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The Canadian Ice Cream Market

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    The Canadian ice cream market witnessed a steady growth between 2005 and 2009, the growth in this market is expected to accelerate marginally in the forthcoming five years. Generating total revenues of $2. 1 billion in 2009 the market grew by 3. 4% in value, the compound annual growth rate of the market in the period 2005-2009 was 3. 3%. In Volume the market grew by 1. 5% reaching a volume of 388. 4 million liters. The growth rate for volume was same in the period of 2005 to 2009.

    As we can see the ice cream market in Canada had a steady growth over the past few years in value and volume. Observing the trend and growth of the ice cream market it is reasonable to suggest that the market for ice cream will continue to grow in the following years in value and volume. In 2014 the Canadian ice cream market is forecast to have a value of $2463. 9 Million which is an increase of 18. 6% since 2009. Reaching a volume of 417. 6 million liters, the market will experience an increase of 7. 5% since 2009.

    The numbers show a favorable growth potential for our product and that the ice cream market is a good source of revenue for second cup. The market is segmented into 4 Categories; Take-home ice cream, Impulse ice cream, Artisanal ice cream and Frozen yogurt. Take-home ice cream accounts for 67. 2% of the markets total value and is the largest segment. Artisanal ice cream (our market segment) is 10. 5% which is a value of $207. 7 million. When it comes to market share David Chapman’s Ice cream Ltd is the leading player as it generates 24% of the markets value followed by Nestle S. A which accounts 23. 6% of the market share. It will not be a surprise to us that the market is concentrated with the top three players holding 65. 6% of the total market value which include both international and local players. It is possible to enter this market on a small-scale but it is better on a larger scale. This is because the presence of strong brands and the scale of economies associated required for high volume production facilities deter new entrants from enter the market. High exist costs increase rivalry.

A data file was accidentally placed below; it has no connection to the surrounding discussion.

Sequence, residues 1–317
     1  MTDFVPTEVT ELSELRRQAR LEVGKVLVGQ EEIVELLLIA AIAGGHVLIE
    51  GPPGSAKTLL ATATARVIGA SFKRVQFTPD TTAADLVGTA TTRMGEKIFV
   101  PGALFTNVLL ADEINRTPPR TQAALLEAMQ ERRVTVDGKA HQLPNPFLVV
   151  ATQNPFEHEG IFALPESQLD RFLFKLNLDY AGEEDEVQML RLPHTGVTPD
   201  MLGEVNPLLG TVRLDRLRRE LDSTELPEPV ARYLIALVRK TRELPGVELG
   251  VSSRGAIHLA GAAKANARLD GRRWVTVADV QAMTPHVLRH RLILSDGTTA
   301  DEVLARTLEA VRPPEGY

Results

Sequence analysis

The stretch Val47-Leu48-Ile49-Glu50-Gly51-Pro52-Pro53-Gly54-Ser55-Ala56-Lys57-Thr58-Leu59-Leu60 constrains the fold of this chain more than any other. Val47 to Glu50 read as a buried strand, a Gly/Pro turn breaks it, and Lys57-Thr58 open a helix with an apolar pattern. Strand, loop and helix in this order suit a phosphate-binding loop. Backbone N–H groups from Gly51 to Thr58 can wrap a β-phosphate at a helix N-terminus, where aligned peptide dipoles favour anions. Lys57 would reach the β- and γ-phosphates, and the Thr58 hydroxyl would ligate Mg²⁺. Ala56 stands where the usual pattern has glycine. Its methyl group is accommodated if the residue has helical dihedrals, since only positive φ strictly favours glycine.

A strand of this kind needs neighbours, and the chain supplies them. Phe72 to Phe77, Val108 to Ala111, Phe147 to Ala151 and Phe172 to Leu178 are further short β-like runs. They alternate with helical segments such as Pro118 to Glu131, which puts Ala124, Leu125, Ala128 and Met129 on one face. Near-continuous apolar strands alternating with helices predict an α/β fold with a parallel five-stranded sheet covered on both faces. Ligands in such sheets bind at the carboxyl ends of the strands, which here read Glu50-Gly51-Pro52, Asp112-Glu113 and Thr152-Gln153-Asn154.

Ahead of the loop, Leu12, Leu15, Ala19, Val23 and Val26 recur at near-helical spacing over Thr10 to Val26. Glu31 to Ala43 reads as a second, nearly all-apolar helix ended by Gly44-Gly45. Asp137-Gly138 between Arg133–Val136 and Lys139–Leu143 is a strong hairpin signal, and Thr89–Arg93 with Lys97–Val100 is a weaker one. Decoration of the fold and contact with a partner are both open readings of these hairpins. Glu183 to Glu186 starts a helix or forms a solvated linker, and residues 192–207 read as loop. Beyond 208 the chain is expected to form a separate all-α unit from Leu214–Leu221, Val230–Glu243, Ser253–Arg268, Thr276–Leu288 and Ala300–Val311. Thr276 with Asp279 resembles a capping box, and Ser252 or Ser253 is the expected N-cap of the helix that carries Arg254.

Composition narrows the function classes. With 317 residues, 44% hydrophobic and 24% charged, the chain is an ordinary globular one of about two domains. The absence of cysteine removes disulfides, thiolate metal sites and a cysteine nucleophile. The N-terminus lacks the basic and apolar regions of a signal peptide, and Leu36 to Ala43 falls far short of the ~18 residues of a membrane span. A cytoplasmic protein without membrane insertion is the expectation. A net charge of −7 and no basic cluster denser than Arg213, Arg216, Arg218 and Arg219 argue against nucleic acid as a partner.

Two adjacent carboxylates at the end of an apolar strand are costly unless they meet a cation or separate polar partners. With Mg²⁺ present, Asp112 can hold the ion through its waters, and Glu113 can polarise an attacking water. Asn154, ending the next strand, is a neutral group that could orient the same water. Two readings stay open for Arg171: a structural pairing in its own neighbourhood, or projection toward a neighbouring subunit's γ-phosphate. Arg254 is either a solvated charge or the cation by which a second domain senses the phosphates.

We as second cup can use this to our advantage as we are a well established chain and the risks are low as our revenue is not dependant on just ice cream. Second Cup can easily achieve benefits from economies of scale as we already have well established suppliers and a good brand name to start with. The only limitations to entering this market concerns distribution channels. There are high storage costs for fresh ice cream and there is considerable investment in equipment but if the product is accepted n the market and there is a good response the costs can be recouped by adding a good margin to the ice cream sold. Another problem is that manufacturers of ice cream can differentiate their products quite strongly and to hold on to market shares they may be willing to push out old flavors and replace them quickly. Adopting our flavors can be a big threat as that will take weaken our strong differentiation created through caffeine in ice cream.

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